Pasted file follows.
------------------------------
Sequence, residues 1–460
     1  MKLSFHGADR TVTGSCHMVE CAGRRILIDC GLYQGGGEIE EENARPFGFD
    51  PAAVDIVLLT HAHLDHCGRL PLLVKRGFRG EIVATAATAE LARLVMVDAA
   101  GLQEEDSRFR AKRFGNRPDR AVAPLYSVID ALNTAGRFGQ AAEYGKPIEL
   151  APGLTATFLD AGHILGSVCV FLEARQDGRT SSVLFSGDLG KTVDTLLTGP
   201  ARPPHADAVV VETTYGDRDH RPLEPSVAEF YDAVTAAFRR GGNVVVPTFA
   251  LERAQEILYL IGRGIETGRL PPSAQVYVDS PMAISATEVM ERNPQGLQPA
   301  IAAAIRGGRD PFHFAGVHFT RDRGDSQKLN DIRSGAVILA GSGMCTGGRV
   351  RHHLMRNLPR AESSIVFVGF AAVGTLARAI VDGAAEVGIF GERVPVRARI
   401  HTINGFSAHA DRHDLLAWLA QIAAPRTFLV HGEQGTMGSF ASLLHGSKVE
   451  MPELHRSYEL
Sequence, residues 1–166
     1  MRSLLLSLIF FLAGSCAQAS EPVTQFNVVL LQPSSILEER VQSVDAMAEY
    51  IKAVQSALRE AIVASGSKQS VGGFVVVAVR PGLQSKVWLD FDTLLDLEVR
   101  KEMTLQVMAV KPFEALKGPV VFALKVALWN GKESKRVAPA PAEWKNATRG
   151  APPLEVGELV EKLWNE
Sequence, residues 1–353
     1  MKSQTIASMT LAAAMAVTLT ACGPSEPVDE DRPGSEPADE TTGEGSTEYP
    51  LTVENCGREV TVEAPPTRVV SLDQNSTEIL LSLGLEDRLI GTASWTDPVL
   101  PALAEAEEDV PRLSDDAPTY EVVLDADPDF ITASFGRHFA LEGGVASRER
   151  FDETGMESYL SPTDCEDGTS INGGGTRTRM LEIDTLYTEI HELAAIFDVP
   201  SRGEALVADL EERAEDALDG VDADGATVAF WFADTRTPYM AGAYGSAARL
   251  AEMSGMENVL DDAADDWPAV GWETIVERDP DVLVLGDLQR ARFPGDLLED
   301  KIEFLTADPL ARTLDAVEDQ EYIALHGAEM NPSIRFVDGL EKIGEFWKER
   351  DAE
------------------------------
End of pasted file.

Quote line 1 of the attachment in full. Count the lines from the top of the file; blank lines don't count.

Sequence, residues 1–460